There are a lot of stories about Nüwa. There are stories about how she saved the world from a great flood (by fixing damage to the sky) and stories about her relationships to others. There are stories about leaders being powerful because she gave them some of her power and stories about her relationships to others. Many of the stories where she is the sole creator of humans date back to at least the early Han dynasty (202 BCE – 220 CE/AD). While her association with a male counterpart is apparent in the later part of the Han Dynasty (~206 CE./AD.) and throughout the Tang dynasty (618-907 C.E./A.D.), the connotation and emphasis of their relationship to humans changed over time. Some of this evolution (from a creation focus to a death focus) may have been political and as a response to the change in culture. Regardless of why the stories and rituals changed, one thing that has survived is the tradition of celebrating specific birthdays on each day during the first week the Spring Festival. This tradition is directly tied to stories that depict Nüwa as the first creative deity.

I say “stories,” because there are different versions. In the variations with which I am most familiar, the heavens and the earth already exist. There was also a variety of flora and fauna on land and in the waters. Somewhere in the heavens, there were also other divine entities, but, Nüwa was lonely and possibly bored. So, one day she decided to create something.

According to this variation of the story, Nüwa gathered some clay or mud from the side of the river and molded what we think of a chickens. Still lonely, she made what we think of as dogs the next day. Each subsequent day she made a different animal: boars or pigs on the third day; sheep on the fourth day; cows on the fifth day; and horses on the sixth day. Then, on the seventh day, she molded beings in her own image. It seems she got excited as she molded the last of her creations. These human beings were entertaining. They could sing and dance… and tell stories. So she made more and more. At some point during the day, she realized that it would take her all of eternity to create as many as she wanted. So, she dipped some rope in the mud and started twirling around, flicking clumps of mud everywhere.

“Nüwa could not stand seeing the decimation of the humans and other creatures she had created. She was determined to rescue them. Facing such a large-scale calamity, Nüwa did not panic. Instead, she prioritized what she was going to do. She decided that the damage to the sky was the cause of everything, so she took to the task of mending it. She collected a great number of mulitcolored stones from a riverbed, built a furnace in the Zhonghuang Mountain, and, after forty-nine days, melted the stones and created a huge piece of colorful slate. Embedding the slate in the hole, Nüwa managed to fix the leaking sky. Her action produced an unexpected side effect: the shining colors of the slate added to the sky a moon, a rainbow, and numerous stars.”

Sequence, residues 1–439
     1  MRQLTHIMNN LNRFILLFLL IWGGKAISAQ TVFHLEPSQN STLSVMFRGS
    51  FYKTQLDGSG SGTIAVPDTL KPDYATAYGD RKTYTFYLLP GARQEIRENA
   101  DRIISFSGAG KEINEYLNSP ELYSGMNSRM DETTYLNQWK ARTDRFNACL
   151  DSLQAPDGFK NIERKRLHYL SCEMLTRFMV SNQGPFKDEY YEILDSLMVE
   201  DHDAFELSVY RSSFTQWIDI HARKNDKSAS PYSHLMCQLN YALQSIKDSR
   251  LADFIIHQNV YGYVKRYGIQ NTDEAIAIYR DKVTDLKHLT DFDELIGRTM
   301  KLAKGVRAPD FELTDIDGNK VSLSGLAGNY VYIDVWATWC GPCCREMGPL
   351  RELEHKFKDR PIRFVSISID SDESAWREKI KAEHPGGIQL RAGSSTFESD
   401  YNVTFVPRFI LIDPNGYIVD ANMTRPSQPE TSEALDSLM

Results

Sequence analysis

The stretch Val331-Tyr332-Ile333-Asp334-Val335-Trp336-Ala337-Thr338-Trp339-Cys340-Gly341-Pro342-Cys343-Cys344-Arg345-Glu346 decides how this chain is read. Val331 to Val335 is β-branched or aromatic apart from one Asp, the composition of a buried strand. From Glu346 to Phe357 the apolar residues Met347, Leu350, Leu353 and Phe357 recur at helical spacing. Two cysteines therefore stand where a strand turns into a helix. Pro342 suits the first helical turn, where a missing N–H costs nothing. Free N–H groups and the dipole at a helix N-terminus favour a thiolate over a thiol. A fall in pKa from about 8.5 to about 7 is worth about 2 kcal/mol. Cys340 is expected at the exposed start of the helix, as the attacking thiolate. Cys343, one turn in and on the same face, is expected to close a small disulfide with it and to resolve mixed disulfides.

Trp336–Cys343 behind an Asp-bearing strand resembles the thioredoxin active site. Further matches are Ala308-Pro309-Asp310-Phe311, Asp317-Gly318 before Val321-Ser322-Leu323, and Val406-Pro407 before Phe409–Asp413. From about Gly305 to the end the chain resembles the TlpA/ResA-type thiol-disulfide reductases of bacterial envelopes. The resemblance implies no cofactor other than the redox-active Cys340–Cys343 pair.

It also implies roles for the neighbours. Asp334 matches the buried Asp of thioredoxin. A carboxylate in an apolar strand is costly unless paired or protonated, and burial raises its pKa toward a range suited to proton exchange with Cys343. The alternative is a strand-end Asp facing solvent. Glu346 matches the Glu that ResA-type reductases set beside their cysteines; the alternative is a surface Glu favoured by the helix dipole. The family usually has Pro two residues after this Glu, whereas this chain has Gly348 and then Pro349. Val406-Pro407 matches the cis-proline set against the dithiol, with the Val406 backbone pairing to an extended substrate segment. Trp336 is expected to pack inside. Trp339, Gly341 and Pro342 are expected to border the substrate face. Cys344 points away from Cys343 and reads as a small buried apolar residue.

*

– quoted from “The Origin of Human Beings in The Magic Lotus Lantern and Other Tales from the Han Chinese by Haiwang Yuan (with Forward by Michael Ann Williams)

As I mentioned before, we humans have a propensity to use stories to explain how and why things are the way the are and work the way they work. For example, some people have used this creation story to explain people are born into different socioeconomic conditions. According to this idea, the rich and/or beautiful are descendants of the first humans created by hand; while the poor and/or those perceived as not beautiful are descendants of those humans created from the mud-dripping rope. In some variations of this story there is even a distinction made between the “clay” she used for her sculptures and the “mud” in which she dipped the rope.

Nüwa and her relationship with her male counterpart have also played into people’s understanding of marriage. In some of the mythology she and her spouse use a fan made out of grass to preserve their privacy when they are intimate. In some variations, she marries her brother and uses the fan because “she is ashamed” of the incest. Again, we can sometimes trace changes in a story to changes in social mores. We can also see how these stories are directly connected to the tradition of a wedding fan.

Similarly, during the first week of the Spring Festival, people celebrate the birthdays of each animal created by Nüwa. Granted, people don’t seem to make as big of a deal about these daily birthdays as they do about some of the other daily celebration); but, there is an acknowledgement of the seventh day as the birthday of all humans. People will make human-shaped paper cut-outs; compose poems; and go for hikes (as Nüwa herself might have been doing when she decided to start making stuff).

In some regions of South China, people will eat a seven-vegetable soup full of vegetables and herbs meant to ward off illness and evil. In Malaysia and Singapore, people may eat a vegetable dish or a raw fish salad. Either way, it’s the day when everyone gets one year older. It’s a great day to express gratitude for our collective existence.

It’s also a day that makes me think about what it means to be human.

The following is abridged version a 2021 post. Links have been updated, as needed, and an extra video appears at the end.

“The world is not comprehensible, but it is embraceable: through the embracing of one of its beings.”

*

– Martin Buber

Martin Buber, born in Vienna on February 8, 1878, did not consider himself a philosopher or a theologian (because, he said, he “was not interested in ideas, only personal experience, and could not discuss God, but only relationships with God”). Yet, he is remembered as one of the greatest existentialist in the modern era. He was, specifically, a Jewish existentialist and professor of Chasidic mysticism who grew up speaking Yiddish and German at home and would partially earn a reputation as a translator (even translating the Hebrew Bible into German) and for his thoughts on religious consciousness, modernity, the concept of evil, ethics, education, and Biblical hermeneutics.